How can you buy a company for $500M, then sell it for $500M 5 years later, but triple your investment?

I can borrow $400M of the Purchase Price and invest $100M of Equity.

Then I use the cash flows of the business to pay off $100M of debt.

I exit with a $500M Sale Price – $300M Debt = $200M Equity (2.0x Return).

For a deeper dive, check out the following video:

All else equal, would you prefer to sell to a sponsor or strategic/corporate buyer?

You would typically prefer to sell to a Strategic/Corporate buyer because they can typically pay a higher price due to synergies.

What is Rollover Equity?

When management of a company sold in an LBO transaction retains ownership in a company following an LBO transaction.

What is LIBOR? What about SOFR?

The London Interbank Offered Rate (LIBOR) is the benchmark interest rate major global banks use to lend to one another.

LIBOR will be phased out in the coming years and will be replaced by the Secured Overnight Financing Rate (SOFR).

To learn more, check out this article.

What is the difference between Loan (i.e. ‘Bank’) and bond debt?

Loan debt is typically more senior and consists of Revolving Credit Facility and Term Loan instruments.

Bond Debt is an entirely separate category of debt that is generally more junior in an LBO transaction.

What are Maintenance vs Incurrence covenants?

Maintenance covenants must be tested frequently (typically quarterly). If the company doesn’t meet the covenant, it’s typically an Event of Default.

Maintenance covenant arrangements are most common with Loan debt.

By contrast, Incurrence covenants are only tested when a company issues new debt (or has a major corporate action like an Acquisition).

Incurrence covenant arrangements are most common with Bond debt.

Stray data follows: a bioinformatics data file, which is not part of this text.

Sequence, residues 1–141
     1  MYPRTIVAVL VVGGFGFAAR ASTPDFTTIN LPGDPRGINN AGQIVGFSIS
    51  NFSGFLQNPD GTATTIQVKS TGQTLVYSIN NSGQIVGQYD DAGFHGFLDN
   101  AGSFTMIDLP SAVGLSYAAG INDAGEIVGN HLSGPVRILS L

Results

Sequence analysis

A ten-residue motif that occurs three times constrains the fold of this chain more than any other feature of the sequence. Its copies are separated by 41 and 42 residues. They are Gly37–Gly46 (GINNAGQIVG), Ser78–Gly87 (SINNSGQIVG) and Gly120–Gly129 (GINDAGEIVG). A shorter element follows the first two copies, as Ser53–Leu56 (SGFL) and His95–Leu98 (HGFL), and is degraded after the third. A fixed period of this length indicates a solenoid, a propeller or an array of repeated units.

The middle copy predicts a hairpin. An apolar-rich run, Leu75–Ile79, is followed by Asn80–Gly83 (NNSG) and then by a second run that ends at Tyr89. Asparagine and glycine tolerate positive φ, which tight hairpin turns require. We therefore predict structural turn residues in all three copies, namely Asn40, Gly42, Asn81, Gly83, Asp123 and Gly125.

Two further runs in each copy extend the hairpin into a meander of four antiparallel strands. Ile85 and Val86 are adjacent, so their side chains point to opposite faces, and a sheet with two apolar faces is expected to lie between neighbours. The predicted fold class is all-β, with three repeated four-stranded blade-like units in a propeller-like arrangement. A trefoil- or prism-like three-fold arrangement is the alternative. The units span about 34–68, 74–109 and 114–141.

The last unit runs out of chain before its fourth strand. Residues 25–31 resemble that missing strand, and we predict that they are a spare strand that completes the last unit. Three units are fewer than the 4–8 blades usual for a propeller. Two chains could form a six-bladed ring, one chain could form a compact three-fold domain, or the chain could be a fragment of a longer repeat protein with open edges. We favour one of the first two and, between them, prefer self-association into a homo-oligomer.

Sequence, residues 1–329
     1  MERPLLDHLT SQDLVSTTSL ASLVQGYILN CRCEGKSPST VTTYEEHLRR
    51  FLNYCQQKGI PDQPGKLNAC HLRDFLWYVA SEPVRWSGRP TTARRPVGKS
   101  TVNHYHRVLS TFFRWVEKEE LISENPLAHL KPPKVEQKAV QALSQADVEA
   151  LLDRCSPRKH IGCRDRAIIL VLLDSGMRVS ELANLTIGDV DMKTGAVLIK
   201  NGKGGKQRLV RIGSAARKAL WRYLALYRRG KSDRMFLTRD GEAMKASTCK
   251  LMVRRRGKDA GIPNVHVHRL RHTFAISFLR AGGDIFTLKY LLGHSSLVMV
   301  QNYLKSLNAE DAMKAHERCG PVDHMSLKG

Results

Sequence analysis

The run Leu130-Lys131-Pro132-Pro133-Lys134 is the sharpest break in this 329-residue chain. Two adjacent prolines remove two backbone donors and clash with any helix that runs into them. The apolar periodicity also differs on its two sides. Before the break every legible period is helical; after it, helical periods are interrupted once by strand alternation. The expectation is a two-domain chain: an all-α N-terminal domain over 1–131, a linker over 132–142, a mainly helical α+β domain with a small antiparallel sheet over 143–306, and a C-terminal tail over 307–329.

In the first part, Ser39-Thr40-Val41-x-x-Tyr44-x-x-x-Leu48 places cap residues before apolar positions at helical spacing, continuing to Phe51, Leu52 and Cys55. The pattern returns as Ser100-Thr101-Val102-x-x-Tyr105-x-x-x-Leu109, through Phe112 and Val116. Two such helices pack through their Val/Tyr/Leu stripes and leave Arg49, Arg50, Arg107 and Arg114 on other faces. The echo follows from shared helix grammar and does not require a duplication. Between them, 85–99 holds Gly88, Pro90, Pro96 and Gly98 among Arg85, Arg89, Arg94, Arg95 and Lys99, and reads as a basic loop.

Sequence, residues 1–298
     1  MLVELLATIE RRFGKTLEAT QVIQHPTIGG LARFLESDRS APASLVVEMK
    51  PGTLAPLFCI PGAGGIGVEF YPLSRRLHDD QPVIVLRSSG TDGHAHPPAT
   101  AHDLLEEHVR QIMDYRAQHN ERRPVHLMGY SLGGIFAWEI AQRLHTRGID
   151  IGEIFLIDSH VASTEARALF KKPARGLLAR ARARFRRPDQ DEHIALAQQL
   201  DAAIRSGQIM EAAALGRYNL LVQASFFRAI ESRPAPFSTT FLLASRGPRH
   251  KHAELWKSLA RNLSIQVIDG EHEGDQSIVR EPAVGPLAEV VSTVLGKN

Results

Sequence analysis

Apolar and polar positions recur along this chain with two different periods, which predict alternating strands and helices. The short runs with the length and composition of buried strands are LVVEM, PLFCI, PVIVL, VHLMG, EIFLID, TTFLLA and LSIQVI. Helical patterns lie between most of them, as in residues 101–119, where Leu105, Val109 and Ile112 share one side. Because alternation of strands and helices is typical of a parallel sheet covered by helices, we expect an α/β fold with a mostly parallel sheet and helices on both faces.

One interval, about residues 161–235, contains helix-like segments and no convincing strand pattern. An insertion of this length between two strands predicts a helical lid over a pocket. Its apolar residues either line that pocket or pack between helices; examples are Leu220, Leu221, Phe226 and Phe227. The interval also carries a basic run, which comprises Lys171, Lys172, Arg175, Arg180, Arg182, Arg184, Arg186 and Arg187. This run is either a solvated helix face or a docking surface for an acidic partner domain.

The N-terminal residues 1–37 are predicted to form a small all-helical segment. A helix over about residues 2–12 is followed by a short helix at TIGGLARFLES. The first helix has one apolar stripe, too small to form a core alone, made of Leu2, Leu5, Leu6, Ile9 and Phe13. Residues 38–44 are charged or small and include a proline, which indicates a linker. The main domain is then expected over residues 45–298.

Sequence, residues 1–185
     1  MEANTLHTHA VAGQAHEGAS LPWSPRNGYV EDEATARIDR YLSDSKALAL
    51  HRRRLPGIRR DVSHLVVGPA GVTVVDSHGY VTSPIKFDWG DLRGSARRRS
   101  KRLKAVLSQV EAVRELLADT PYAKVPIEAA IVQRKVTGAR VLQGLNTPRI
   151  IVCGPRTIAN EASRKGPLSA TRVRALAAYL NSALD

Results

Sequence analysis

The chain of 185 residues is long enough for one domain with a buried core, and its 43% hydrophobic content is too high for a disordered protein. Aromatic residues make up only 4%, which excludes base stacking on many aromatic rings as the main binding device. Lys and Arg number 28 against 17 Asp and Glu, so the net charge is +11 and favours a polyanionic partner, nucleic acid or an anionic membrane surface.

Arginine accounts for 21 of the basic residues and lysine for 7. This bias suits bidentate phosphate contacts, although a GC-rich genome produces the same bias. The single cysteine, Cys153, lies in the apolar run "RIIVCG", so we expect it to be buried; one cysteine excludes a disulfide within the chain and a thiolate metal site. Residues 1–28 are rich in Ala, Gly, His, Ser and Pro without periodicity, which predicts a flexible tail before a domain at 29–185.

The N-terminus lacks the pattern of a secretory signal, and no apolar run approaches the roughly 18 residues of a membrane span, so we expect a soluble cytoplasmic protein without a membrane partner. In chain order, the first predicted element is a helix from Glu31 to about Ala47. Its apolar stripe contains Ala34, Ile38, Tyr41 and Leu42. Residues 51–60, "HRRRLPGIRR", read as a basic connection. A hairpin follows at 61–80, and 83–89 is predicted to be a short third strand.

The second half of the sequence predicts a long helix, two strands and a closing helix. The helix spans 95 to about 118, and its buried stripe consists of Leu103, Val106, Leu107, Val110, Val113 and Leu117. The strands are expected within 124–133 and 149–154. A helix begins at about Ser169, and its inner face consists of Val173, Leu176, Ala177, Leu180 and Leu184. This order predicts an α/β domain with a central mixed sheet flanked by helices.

What is ‘Covenant Lite’ debt?

Covenant lite debt describes debt that has either lenient covenants or no covenants at all.

‘Covenant Lite’ debt arises when there exists significant competition among lenders.

What are the most common Leverage and Coverage Ratios for debt in an LBO transaction?

Leverage Ratio: Net Debt / EBITDA

Coverage Ratio: EBITDA / Interest Expense

What is PIK interest?

Paid-In-Kind (PIK) interest is non-cash interest that is added to the Debt principal balance in each period in lieu of the borrower paying cash interest.

Level 3 LBO Questions

What is the least preferred exit method in PE?

The least common exit option is an IPO because of the time needed (often 6+ months from filing) and because the PE firm is often prevented from selling for 6 months post-IPO.

With that said, PE firms do sometimes take companies public to exit, especially if public company valuations are very attractive.

What is an ‘effective’ multiple as opposed to an ‘optical’ multiple?

An optical multiple shows the purchase price of a business relative to the stated profit (typically EBITDA) at the time of the acquisition.

In contrast, to calculate an effective multiple, we look at purchase price relative to profit (again typically EBITDA) incorporating improvements in the business.